Gutfeld compared the situation in America today to the pre-Civil War era. “We had a war over slavery,” he said. “We knew slavery was inhumane and immoral, but somehow we couldn’t solve slavery peacefully. It was an evil. But one side refused to acknowledge that it was evil because it was too big of an admission for them to make. Doesn’t that feel that way now that this defiant refusal to reverse this decline argues against the survival of a country?”

Gutfeld urged his viewers to renounce the Hamiltonian belief in the ability of elections to bring necessary change and to resolve disputes. He said that it is now necessary “to make war to bring peace because you have a side that cannot change because then that means an admission that their beliefs have been corrupt all the time. So in a way, you have to force them to surrender.”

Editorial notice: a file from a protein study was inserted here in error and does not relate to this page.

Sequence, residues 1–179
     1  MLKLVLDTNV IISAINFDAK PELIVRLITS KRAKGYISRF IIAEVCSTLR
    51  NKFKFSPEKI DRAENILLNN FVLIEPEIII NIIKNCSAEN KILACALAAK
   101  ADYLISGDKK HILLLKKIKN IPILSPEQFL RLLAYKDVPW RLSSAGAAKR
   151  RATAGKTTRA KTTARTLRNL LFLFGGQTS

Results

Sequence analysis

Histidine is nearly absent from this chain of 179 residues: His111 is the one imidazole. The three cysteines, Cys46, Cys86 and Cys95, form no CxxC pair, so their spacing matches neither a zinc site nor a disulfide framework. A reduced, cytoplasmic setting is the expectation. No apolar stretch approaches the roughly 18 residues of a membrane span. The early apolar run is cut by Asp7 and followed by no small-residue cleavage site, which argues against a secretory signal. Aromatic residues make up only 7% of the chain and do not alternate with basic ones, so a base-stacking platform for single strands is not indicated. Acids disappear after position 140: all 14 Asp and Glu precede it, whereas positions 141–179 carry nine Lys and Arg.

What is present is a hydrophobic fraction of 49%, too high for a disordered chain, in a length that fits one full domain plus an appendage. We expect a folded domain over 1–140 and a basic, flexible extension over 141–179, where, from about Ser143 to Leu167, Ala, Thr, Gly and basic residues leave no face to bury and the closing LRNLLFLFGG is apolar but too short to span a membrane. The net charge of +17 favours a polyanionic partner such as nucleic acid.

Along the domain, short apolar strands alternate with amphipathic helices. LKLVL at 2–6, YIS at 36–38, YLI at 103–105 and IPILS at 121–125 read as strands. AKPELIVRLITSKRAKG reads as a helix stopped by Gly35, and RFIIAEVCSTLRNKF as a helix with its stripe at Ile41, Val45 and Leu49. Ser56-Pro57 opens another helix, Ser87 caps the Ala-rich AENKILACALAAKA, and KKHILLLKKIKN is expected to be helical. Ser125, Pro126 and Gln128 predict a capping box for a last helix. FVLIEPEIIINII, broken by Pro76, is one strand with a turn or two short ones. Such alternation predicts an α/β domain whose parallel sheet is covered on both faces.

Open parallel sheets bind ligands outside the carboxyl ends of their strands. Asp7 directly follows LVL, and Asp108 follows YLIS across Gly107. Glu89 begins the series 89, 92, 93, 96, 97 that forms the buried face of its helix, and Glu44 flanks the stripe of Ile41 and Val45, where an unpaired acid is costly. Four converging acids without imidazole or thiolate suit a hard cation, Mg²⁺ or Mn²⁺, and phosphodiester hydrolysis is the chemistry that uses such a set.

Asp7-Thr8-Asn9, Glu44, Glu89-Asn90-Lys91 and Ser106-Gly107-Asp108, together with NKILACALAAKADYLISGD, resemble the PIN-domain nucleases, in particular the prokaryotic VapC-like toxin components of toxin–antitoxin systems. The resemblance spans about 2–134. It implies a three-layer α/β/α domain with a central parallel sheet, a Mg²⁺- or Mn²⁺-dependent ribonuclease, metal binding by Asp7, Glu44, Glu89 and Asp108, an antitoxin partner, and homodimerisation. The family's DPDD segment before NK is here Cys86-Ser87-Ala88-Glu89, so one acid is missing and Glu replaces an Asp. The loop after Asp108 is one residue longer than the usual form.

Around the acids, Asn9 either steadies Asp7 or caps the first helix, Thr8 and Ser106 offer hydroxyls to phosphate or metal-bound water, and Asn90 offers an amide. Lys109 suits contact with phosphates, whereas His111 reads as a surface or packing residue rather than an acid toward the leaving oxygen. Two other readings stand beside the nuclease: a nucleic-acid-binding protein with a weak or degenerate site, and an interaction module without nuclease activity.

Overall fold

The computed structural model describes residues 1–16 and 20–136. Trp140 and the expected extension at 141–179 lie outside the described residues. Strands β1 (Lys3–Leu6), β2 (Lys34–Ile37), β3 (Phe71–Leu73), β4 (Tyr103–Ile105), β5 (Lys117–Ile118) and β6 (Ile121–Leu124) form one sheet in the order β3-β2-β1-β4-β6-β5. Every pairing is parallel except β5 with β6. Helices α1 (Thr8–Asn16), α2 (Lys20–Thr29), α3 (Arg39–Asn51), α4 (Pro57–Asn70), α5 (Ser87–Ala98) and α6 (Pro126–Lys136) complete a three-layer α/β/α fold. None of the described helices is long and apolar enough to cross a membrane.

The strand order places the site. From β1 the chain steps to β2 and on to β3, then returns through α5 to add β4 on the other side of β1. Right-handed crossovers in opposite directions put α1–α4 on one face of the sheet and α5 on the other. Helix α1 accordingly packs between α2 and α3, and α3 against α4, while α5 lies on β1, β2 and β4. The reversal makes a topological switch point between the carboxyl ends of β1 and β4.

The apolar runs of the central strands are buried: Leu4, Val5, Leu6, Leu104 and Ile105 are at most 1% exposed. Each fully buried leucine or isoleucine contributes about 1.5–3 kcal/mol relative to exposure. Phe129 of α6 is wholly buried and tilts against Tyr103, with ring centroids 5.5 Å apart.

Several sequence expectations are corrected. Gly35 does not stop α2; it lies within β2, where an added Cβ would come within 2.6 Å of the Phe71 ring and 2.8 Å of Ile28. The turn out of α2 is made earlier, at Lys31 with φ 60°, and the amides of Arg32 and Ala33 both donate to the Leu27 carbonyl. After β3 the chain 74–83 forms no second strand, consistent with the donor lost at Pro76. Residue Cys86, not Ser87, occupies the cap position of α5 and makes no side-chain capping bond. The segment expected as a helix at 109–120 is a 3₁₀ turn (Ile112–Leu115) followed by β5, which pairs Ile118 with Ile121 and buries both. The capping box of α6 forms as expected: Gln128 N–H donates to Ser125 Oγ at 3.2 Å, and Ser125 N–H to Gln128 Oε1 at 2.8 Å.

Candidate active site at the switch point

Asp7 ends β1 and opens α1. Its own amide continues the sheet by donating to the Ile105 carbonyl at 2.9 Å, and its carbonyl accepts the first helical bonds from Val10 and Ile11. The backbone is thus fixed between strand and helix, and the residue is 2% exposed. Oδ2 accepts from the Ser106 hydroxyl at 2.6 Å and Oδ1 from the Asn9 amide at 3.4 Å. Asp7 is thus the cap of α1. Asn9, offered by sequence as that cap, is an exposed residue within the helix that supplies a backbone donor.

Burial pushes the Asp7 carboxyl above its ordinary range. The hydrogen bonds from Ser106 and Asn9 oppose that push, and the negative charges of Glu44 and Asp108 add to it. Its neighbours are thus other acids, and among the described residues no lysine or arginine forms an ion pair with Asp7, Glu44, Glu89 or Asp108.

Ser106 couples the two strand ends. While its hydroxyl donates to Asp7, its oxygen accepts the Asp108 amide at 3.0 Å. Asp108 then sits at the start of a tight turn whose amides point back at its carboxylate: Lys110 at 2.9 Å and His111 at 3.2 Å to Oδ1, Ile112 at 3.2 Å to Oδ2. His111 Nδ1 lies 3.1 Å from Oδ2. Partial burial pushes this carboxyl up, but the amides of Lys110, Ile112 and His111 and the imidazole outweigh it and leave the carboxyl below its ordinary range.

“(E)lections don’t work.” Gutfeld concluded, “We know that. We know they don’t work… Every facet of society is in peril and in chaos because our elections don’t matter.”

As Gutfeld himself intimated, we’ve seen this attack on elections before.

Louisiana State University Professor Aaron Sheehan-Dean notes that in the run up to the Civil War, “Southern Democrats maligned the new Republican Party as an existential threat because it opposed the expansion of slavery in the Western territories. Promoters of secession…knew they did not command majority support even within the South, so they deployed a rhetoric of fear and anger that condemned Republicans as ‘fanatics’ and encouraged fellow Southerners to regard Lincoln’s election as ‘an open declaration of war’ upon the region.”

Statements like Gutfeld’s about the need to force opponents to “surrender” because “Elections don’t work” are also eerily reminiscent of Fascist rhetoric from the 1930s. In Germany, National Socialists warned of the threat of Marxism and blamed the country’s parliamentary democracy for failing to respond adequately to that threat. Elaborating on this critique, Adolph Hitler said that democracy undermined the natural selection of ruling elites and was “nothing other than the systematic cultivation of human failure.”